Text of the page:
soluble or insoluble, and that nothing that the plaintiffs may have done could bear upon this issue.
I do not accept this. I think that, if there was in fact a disclosure of experimental work which showed a failure in this
particular regard, it might not be without its relevance, just as in relation to the issue of inutility upon which
disclosure of the category (a) documents is also sought.
 The English Court of Appeal considered the relevance of inventors’ notes to the issue of obviousness in SKM.
SA. and Another v. Wagner Spraytech (U.K.) Limited and Others,  R.P.C. 497 (SKM). The Court
acknowledged that the test for obviousness was indeed objective but concluded that the inventors’ notes met the
threshold for documentary production which, like our own, is that the document need only lead to a “train of
inquiry” that might advance one party’s case and damage the other’s. At page 508, Oliver L.J. concluded:
I have, however, in the end been persuaded that the argument which he so attractively put before us is one which
tends to confuse discovery and admissibility, and speaking for myself I am not prepared to differ from the conclusion
at which the learned judge arrived that the discovery sought may be of assistance to the defendant, either offensively
or defensively, on the issue pleaded.
 Similarly, in Wellcome Foundation Ltd. v. VR Laboratories (Australia) Pty. Ltd.,  R.P.C. 343, the High
Court of Australia, like the English Court of Appeal in SKM, concluded that even though the test was objective, the
notes were relevant enough to be discoverable. Concluding, Aickin J. wrote, at page 360:
The cases to which I have referred appear to show that some discovery in respect of the work done by a patentee in
arriving at his invention has been given as a matter of course and that the disputes have been as to the extent of
discovery. Since evidence of such work may in some cases be relevant to the issue of obviousness it must follow that
discovery should generally be given, even if only on the basis that the documents discovered may suggest a line of
inquiry worth investigation.
 This does not mean, either for parties seeking disclosure or where some disclosure has been made, that it is
open season on anything and everything relating to the history of events leading to a discovery. In the end, it will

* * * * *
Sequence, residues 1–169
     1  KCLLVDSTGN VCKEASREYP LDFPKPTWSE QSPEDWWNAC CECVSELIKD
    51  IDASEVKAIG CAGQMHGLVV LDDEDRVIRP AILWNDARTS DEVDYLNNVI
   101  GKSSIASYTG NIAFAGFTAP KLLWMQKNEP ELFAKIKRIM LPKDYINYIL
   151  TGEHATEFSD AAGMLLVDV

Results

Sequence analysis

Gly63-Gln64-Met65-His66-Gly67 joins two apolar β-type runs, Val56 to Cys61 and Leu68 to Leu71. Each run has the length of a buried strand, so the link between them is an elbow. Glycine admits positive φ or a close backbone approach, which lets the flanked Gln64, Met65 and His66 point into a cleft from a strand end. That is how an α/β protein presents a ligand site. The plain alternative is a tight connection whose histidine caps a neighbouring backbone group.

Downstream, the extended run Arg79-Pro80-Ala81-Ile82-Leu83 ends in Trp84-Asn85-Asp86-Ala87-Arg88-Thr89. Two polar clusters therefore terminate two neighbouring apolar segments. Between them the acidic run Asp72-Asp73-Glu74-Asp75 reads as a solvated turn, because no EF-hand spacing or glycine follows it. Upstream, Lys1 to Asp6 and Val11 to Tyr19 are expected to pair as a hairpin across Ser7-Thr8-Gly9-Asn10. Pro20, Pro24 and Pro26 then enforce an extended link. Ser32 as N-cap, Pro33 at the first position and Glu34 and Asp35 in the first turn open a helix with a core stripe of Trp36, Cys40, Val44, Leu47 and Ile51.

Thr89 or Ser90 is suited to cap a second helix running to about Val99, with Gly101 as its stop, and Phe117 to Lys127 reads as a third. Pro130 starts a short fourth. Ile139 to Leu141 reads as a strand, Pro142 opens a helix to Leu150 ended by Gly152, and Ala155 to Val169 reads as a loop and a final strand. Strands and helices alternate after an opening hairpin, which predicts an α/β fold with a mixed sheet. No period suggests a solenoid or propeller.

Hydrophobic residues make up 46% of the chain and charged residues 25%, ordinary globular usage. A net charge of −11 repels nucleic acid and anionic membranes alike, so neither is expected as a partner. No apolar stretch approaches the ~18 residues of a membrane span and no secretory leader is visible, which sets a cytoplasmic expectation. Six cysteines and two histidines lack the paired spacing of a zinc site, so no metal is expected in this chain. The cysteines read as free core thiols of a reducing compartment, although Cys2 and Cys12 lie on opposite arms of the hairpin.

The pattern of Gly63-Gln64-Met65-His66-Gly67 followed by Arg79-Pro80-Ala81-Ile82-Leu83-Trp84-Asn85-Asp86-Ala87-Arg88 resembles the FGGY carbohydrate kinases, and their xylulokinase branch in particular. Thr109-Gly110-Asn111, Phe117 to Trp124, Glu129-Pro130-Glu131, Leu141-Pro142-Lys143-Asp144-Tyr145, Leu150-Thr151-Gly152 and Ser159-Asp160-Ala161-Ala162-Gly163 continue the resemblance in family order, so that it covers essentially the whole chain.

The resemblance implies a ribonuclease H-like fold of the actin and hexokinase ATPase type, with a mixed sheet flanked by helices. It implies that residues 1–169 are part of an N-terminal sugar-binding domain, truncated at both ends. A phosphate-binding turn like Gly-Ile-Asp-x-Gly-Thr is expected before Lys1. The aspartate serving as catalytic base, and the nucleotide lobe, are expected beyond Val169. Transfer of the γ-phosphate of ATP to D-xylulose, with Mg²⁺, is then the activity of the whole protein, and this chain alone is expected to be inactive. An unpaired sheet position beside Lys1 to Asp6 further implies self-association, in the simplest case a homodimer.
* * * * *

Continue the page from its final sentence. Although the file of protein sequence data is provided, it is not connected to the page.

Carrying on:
come down to the matters pleaded and the propriety of the questions put on discovery. Questions in relation to
documents such as laboratory notebooks must not only be factual in nature, they must have a proper foundation and
have relevance to what has been alleged and is unadmitted.
 An order will go accordingly.
APPENDIX TO THE REASONS FOR ORDER IN T-1697-01
ANNEXE AUX MOTIFS DE L’ORDONNANCE DANS LE DOSSIER T-1697-01
DATED MARCH 3, 2006
Federal Courts Rules, SOR/98-106:
222. (1) . . .
(2) For the purposes of rules 223 to 232 and 295, a document of a party is relevant if the party intends to rely on it or
if the document tends to adversely affect the party’s case or to support another party’s case.
237. (1) A corporation, partnership or unincorporated association that is to be examined for discovery shall select a
representative to be examined on its behalf.
(4) Where an assignee is a party to an action, the assignor may also be examined for discovery.
240. A person being examined for discovery shall answer, to the best of the person’s knowledge, information and
belief, any question that
(a) is relevant to any unadmitted allegation of fact in a pleading filed by the party being examined or by the
examining party; or
(b) concerns the name or address of any person, other than an expert witness, who might reasonably be expected to
have knowledge relating to a matter in question in the action.
241. Subject to paragraph 242(1)(d), a person who is to be examined for discovery, other than a person examined
under rule 238, shall, before the examination, become informed by making inquiries of any present or
former officer, servant, agent or employee of the party, including any who are outside Canada, who might
be expected to have knowledge relating to any matter in question in the action.
288. A party may introduce as its own evidence at trial any part of its examination for discovery of an adverse
party or of a person examined on behalf of an adverse party, whether or not the adverse party or person has
All Rules referred to but not reproduced in the body of these reasons can be found, for reference, in the attached
Richter Gedeon Vegyészeti Gyar Rt v. Merck & Co.,  3 F.C. 330 (C.A.) (Richter).
Richter, ibid, at p. 339.
Pro-Vertic (1987) Inc. v. International Diffusion Consommateur S.A. (1989), 26 C.P.R. (3d) 528 (F.C.T.D.), at p.
Reading & Bates Construction Co. v. Baker Energy Resources Corp. (1988), 24 C.P.R. (3d) 66 (F.C.T.D.), at p. 70
(Reading & Bates).
Apotex Inc. v. Wellcome Foundation Ltd.,  4 S.C.R. 153.
Beloit Canada Ltée/Ltd. et al. v. Valmet OY (1981), 60 C.P.R. (2d) 145 (F.C.T.D.); Westinghouse Electric Corp. et
al. v. Babcock & Wilcox Industries Ltd. (trading under name and style Bailey Controls et al.) (1987), 15 C.P.R. (3d)
447 (F.C.T.D.), at pp. 449-451.
Westinghouse; Eli Lilly and Co. v. Apotex Inc. (2000), 8 C.P.R. (4th) 413 (F.C.T.D.), at para. 1.
Wellcome Foundation Ltd. v. Apotex Inc. (1991), 39 C.P.R. (3d) 289 (F.C.T.D.) (QL) at pp. 334, 335, 339, 342,
345; Wellcome Foundation Ltd. v. Apotex Inc. (1995), 60 C.P.R (3d) 135 (F.C.A.), at pp. 154-155; Aventis Pharma
Inc. v. Apotex Inc. (2005), 43 C.P.R. (4th) 161 (F.C.), at paras. 109-155.